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4 August 2021

In this recurring column, we highlight a few items we've run across that don't merit a full story of their own but are interesting enough to bring to your attention. This time we look at Jan Langer, John Alinder, Giuliano Scarparo, Oriana Poindexter, Rich McCor, Vincent Cornelissen, chroma, David Skernick and Polaroid.

  • Faces of the Century is a portrait project by Jan Langer of Czechs who are over 100 years old. Each portrait pairs an image for the sitter's youth from an album with Langer's contemporary and matching image.
  • In 'We Were Once Alive,' Mee-Lai Stone presents a few of the portraits John Alinder took of his Swedish neighbors from 1910 to 1920. Discovered in the 1980s, they have just been published in a book.
  • Dan Havlik interviews Giuliano Scarparo about his Dream-Like Images of Wildlife which feature a cool palette with limited chromatic tones. "Many people criticize my chromatic preference because it does not reflect nature and perhaps they are right," Scarparo says. "But I think that an artist can express his art as he sees fit."
  • In Capturing the Feeling of the Ocean on Paper, Zoe Goldman features the cyanotypes of marine scientist and artist Oriana Poindexter inspired by the 19th century cyanotypes of Anna Atkins. Unlike high resolution underwater photography, she finds a cyanotype "conjures up that feeling of being in the water and being in the kelp forest."
  • Grace Ebert showcases the Clever Paper Cutouts Rich McCor overlays on photos of tourist attractions, landmarks and urban settings. She also features Vincent Cornelissen's shot of a Goose Contorting Its Body to Fly Upside Down. We're not sure which is more amusing.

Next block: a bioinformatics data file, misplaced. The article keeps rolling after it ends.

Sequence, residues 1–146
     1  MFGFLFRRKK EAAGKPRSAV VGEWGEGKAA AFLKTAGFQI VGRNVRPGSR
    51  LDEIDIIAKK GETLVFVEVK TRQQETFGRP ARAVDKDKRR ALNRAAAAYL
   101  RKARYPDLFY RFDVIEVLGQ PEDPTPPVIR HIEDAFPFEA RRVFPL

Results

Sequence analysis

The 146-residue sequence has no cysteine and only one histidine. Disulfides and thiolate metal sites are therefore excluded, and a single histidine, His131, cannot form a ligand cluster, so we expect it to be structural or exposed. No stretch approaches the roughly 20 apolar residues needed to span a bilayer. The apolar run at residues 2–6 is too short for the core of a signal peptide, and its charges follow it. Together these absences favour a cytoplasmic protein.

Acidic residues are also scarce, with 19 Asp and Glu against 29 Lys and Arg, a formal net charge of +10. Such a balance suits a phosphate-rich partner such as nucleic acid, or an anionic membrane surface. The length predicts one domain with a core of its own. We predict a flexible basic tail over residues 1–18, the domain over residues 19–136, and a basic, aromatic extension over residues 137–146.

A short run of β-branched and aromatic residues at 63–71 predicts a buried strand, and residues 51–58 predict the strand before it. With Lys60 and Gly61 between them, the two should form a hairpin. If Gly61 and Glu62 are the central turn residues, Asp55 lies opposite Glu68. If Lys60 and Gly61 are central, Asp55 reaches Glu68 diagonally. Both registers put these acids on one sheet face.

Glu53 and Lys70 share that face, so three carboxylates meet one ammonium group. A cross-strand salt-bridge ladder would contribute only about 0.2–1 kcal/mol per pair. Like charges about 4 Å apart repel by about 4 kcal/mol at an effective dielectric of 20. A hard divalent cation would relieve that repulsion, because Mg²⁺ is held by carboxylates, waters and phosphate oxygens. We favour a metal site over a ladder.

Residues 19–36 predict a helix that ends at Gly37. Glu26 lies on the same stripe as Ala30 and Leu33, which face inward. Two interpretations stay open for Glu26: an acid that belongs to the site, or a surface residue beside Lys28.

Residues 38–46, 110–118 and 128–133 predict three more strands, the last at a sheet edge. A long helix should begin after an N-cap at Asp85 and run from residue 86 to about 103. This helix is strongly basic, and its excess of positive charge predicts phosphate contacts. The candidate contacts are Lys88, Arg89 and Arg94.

• In Chroma Information (The Grid Illusion), Mike Johnston demonstrates how little color information an image needs. You can see this yourself by converting an image to Lab colorspace and comparing the luminance channel (L) to either of the flatter a or b chroma channels.
  • David Skernick has published another of his Back Roads series. The 116 images in Back Roads of the Great Plains include shots of Route 66, fields, farms, natural wonders and wildlife of Oklahoma, Kansas, Nebraska and the Dakotas. We reviewed Skernick's How Did You Get That Shot? in 2019.
  • Chronicle Chroma has published Polaroid Now: The History and Future of Polaroid Photography with "new work created by contemporary artists working with Polaroid cameras and film." The volume includes a discussion of the history and evolution of the instant imaging camera system as well.

More to come! Meanwhile, here's a look back. And please support our efforts...

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